Until shockingly recently, fighting rifles wore iron sights and nothing else. And that went for the soldier carrying a .58 caliber M1861 musket while preserving the Union, an M1903 Springfield “over there” or an M16A2 liberating Kuwait. Not so today, with battle rifles increasingly wearing versatile low-magnification variables scopes. To gain some insight into the numerous examples available, I selected nine different commercial models. All are intended for use on AR-15s or similar designs. Models ranged from economical to fairly expensive. Each was subjected to the following test:
- Submersed in water to a depth of 18 inches for 12 hours
- Subjected to a steam bath for 15 minutes
- Cooled in a 20 degree environment for 24 hours
- Heated to 130 degrees for 12 hours
- Test-fired on a 7 pound .458 SOCOM with 405-grain handloads to induce stress. Ten rounds, rapid fire.
- Test-fired to check mechanical adjustment accuracy and consistency at 100 yards.
A bit to my surprise all 10 examples passed these tests without issue. None fogged internally or suffered from a mechanical issue. All of them tracked consistently. How well their tracking holds up under hard and long-term use though is beyond the scope of my testing ability. However, to be fair it’s doubtful a rifleman would be dialing in windage or elevation with a scope of this type in the field. They are designed to provide rapid hits, and once properly zeroed, riflemen simply hold off for wind or distance.
Next I checked the optical performance and reticle illumination of each scope in bright, overcast and low-light conditions. I measured field of view and eye relief and also checked the reticle designs against a man-size silhouette at 50, 300 and 700 yards at highest and lowest magnification settings. The results were then tabulated and scored on a scale of 1 to 10.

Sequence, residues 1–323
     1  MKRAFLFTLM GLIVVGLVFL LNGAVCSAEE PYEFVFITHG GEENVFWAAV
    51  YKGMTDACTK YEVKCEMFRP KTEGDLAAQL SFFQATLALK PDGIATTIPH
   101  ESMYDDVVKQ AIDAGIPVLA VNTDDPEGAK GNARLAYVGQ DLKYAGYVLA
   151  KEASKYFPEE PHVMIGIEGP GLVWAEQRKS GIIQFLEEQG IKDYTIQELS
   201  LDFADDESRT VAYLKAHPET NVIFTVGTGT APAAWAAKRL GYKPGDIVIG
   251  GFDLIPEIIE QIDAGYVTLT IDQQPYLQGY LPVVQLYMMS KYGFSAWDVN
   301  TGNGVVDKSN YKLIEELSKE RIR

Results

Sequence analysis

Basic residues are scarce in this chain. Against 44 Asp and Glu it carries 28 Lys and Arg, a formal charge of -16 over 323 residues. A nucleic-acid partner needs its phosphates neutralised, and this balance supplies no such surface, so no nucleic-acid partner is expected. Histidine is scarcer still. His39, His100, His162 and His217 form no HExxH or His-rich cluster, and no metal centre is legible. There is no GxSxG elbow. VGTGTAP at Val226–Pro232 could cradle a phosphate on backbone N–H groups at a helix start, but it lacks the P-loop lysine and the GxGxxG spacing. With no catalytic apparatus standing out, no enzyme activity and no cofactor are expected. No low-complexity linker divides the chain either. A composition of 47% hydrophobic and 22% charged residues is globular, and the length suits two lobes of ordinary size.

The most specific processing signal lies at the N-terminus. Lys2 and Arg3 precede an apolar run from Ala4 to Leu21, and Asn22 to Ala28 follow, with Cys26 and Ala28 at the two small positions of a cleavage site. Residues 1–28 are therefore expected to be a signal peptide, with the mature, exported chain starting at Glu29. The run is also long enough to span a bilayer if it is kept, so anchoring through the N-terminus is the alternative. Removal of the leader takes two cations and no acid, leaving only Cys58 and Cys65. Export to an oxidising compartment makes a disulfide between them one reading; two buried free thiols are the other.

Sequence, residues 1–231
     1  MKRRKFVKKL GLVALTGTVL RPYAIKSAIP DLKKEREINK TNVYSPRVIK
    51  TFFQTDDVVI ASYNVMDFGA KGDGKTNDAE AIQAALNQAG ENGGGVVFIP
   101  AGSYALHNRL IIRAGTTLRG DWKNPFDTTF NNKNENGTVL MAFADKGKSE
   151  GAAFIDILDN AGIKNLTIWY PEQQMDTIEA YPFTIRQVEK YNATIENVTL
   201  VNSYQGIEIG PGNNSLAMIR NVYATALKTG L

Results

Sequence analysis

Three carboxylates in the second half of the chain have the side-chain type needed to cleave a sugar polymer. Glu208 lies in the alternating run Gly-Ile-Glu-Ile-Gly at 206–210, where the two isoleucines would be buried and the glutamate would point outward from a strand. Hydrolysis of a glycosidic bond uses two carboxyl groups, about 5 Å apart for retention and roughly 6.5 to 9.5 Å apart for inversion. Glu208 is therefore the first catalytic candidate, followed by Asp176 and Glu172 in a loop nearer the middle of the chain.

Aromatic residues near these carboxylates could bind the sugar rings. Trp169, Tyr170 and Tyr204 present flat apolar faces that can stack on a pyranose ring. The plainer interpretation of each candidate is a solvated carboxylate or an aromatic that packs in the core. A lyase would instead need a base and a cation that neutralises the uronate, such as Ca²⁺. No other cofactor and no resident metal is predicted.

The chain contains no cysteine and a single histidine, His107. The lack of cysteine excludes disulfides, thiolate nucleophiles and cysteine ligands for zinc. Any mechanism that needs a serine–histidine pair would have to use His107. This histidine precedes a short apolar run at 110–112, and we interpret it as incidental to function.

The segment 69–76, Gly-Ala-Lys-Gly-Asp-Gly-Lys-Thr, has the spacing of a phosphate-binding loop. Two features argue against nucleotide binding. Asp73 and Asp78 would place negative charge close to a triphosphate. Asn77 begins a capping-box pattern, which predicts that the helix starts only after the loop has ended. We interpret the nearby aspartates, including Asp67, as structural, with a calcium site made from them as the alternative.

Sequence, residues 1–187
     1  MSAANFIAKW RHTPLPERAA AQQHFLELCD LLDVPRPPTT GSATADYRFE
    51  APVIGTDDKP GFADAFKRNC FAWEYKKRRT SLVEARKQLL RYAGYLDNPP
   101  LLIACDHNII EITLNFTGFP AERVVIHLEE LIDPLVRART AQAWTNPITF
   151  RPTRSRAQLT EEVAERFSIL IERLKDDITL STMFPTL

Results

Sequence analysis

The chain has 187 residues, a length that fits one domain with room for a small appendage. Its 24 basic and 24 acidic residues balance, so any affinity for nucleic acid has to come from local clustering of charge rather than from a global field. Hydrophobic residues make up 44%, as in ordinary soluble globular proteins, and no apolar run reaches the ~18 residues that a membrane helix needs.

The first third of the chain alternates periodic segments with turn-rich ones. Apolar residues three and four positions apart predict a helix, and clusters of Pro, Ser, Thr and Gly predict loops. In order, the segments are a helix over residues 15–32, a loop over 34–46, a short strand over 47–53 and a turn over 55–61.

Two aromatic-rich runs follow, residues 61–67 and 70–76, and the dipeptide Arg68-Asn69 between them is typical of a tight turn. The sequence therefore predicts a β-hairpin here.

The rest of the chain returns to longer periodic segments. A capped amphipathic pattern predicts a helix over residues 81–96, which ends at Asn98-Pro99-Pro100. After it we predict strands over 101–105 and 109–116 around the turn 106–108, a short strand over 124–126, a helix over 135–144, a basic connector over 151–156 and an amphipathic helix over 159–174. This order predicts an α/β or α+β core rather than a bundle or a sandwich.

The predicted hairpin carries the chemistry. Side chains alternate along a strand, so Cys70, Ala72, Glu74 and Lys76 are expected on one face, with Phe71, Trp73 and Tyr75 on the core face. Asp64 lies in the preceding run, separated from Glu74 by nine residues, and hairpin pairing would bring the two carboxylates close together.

Find all this and more on the accompanying charts:
Decades ago the environmental tests performed for this article would have proven very difficult or impossible for most riflescopes to pass. Times change, and with the advancements in sealing technology all the scopes shrugged off these tests as if they were nothing.
Optical performance has also come a long ways.
Lens design and coatings have made constant strides that have trickled down into economically priced models.
Today the big push is to increase magnification range and reticle intensity. The smoke is already visible on the horizon, and the models of tomorrow will be even better.
When it comes to optical sights, we live in exciting times.
The capped turrets prevent accidental rotation. Beneath the caps you find nicely designed finger adjustable turrets with tactical and audible adjustments, so you can dial if you’d like.